Macrovision to acquire Blu-ray's BD+ for $45 million
Already the provider of a key element of the copy protection schemes in Blu-ray and HD DVD, the content protection software company will acquire the embattled BD+ from its creator.
Cryptography Research, Inc., the R&D firm that developed a virtual machine environment protected by a layer of encryption -- the tool whose viability was one of the catalysts for the split between the HD DVD and Blu-ray camps -- has agreed in principle to sell BD+ to Macrovision for $45 million in cash, plus stock warrants.
While the deal itself may not be telling, the terms are extremely revealing: Macrovision is getting CRI's patents, its existing ciphers, its customer agreements and partnerships, and even some of the employees involved in devising the scheme.
Thus, CRI isn't sublicensing the concept in order to maximize its IP investment. It's getting out of the Blu-ray encryption business, and handing it over to someone who may care more about it.
Macrovision's existing contribution to the content protection realm -- for which it's already notorious in many circles -- is analog content protection (ACP), which is part of the AACS scheme and licensed through AACS LA.
The basic concept was introduced back in the days of the VCR, making Macrovision synonymous in many users' minds with consumer-unfriendliness. ACP makes delicate, pulsating adjustments to the gain control in order to prevent copies from having anywhere near the same quality as the original - pulses that an analog TV display misses but that a recorder writes to tape.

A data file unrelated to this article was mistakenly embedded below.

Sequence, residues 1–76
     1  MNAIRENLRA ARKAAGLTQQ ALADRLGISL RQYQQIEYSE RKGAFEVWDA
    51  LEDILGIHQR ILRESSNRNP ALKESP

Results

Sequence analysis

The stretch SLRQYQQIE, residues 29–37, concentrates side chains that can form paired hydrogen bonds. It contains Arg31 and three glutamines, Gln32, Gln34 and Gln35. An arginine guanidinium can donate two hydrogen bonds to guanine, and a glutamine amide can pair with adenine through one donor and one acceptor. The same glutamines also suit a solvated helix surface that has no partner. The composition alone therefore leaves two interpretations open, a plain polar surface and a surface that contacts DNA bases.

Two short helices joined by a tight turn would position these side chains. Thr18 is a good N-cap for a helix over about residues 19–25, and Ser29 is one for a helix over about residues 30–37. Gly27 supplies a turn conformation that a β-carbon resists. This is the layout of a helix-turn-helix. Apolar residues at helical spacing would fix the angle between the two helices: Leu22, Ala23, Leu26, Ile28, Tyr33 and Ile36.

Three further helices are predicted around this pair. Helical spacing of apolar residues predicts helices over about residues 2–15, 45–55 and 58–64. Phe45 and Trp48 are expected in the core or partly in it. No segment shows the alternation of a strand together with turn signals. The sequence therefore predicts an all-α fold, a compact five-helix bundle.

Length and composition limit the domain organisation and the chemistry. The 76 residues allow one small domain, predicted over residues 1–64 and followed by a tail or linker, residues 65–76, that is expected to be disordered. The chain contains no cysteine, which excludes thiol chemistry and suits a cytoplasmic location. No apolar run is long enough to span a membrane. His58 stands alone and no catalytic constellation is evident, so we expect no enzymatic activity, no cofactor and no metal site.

In 1997, Macrovision was contracted to devise a next generation of that concept for the digital realm: an ACP for DVD. Its solution was the infamous "color stripe" pulses encoded into the video stream, which would be in sync with the display but out of sync with a recording device. That lack of synchronization caused early VHS tape copies of DVDs to have unavoidable color banding.
A few years ago, Macrovision branched out into different areas of the digital content protection realm, acquiring InstallShield in 2004.
Today, a joint statement from the selling and buying companies reveals Macrovision's intent to incorporate BD+ into its broader suite of digital content protection properties - a move which could enable it in the future to bundle their licenses.
But now that the system appears besieged by malicious users a mere five months after its premiere deployment by 20th Century-Fox. Macrovision, a larger and more capable company than CRI, may be able to come to its defense, perhaps not only patching the virtual machine-based encryption scheme but quite possibly extending its reach and expanding its purview into the realm of consoles and computers.